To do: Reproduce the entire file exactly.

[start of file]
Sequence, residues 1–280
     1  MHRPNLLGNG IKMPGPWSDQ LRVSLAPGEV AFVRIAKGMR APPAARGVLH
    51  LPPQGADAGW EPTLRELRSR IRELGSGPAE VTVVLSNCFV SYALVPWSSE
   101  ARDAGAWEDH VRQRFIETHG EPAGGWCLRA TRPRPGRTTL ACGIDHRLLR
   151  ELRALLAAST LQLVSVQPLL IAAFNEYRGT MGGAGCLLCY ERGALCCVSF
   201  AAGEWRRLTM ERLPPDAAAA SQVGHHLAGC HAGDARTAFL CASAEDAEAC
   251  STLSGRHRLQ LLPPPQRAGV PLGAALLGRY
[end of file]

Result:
Sequence, residues 1–280
     1  MHRPNLLGNG IKMPGPWSDQ LRVSLAPGEV AFVRIAKGMR APPAARGVLH
    51  LPPQGADAGW EPTLRELRSR IRELGSGPAE VTVVLSNCFV SYALVPWSSE
   101  ARDAGAWEDH VRQRFIETHG EPAGGWCLRA TRPRPGRTTL ACGIDHRLLR
   151  ELRALLAAST LQLVSVQPLL IAAFNEYRGT MGGAGCLLCY ERGALCCVSF
   201  AAGEWRRLTM ERLPPDAAAA SQVGHHLAGC HAGDARTAFL CASAEDAEAC
   251  STLSGRHRLQ LLPPPQRAGV PLGAALLGRY